The real takeaway, though, was that not just anyone can be a great artist, but anyone can learn to draw.
I had to draw the line so close to myself that I essentially gave up almost any contact with married men.
It's often said that he'd much rather be a U.S. senator, a job in which he could draw on his long legislative experience.
One can only draw the conclusion that either one of those two things is happening.
Consequently, this is an issue where the administration can afford to draw lines in the sand and refuse to compromise.
So that her next attempt to draw him out was edged with temper.
How'll they know that it was luck—that my gun stuck in the holster—and that you jumped me on the draw?
He longed to draw closer to the spot, but he knew that he dared not move.
It were a pity, if all this outcry should draw no customers.
Not two words together, from which you can draw any reasonable conclusion.
c.1200, spelling alteration of Old English dragan "to drag, to draw, protract" (class VI strong verb; past tense drog, past participle dragen), from Proto-Germanic *draganan "carry" (cf. Old Norse draga "to draw," Old Saxon dragan, Old Frisian draga, Middle Dutch draghen, Old High German tragen, German tragen "to carry, bear"), from PIE root *dhragh- (see drag (v.)).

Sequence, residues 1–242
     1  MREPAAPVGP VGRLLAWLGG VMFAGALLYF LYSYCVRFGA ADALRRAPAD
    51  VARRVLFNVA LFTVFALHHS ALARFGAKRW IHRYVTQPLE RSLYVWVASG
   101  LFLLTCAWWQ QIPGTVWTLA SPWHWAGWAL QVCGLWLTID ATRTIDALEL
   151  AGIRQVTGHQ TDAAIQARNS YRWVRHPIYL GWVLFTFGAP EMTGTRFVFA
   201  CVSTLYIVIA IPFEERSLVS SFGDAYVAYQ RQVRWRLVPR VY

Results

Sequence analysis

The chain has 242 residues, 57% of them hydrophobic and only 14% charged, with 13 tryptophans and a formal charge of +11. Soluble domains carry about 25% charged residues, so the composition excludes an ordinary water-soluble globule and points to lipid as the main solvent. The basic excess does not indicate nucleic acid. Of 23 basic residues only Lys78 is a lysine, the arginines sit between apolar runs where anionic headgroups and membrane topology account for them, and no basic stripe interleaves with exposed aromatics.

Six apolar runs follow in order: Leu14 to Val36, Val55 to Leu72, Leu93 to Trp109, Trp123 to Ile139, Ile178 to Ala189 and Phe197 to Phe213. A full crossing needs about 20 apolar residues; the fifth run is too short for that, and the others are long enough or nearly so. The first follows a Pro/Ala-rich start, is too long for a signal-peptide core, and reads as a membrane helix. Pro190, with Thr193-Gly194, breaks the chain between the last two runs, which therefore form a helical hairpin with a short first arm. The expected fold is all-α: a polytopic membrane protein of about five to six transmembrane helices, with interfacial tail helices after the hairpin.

Sense of "make a line or figure" (by "drawing" a pencil across paper) is c.1200. Meaning "pull out a weapon" is c.1200. To draw a criminal (drag him from a horse to place of execution) is from early 14c. To draw a blank "come up with nothing" (1825) is an image from lotteries. As a noun, from 1660s; colloquial sense of "anything that can draw a crowd" is from 1881 (the verb in this sense is 1580s).
game or contest that ends without a winner, attested first in drawn match (1610s), of uncertain origin; some speculate it is from withdraw. Draw-game is from 1825. As a verb, "to leave undecided," from 1837.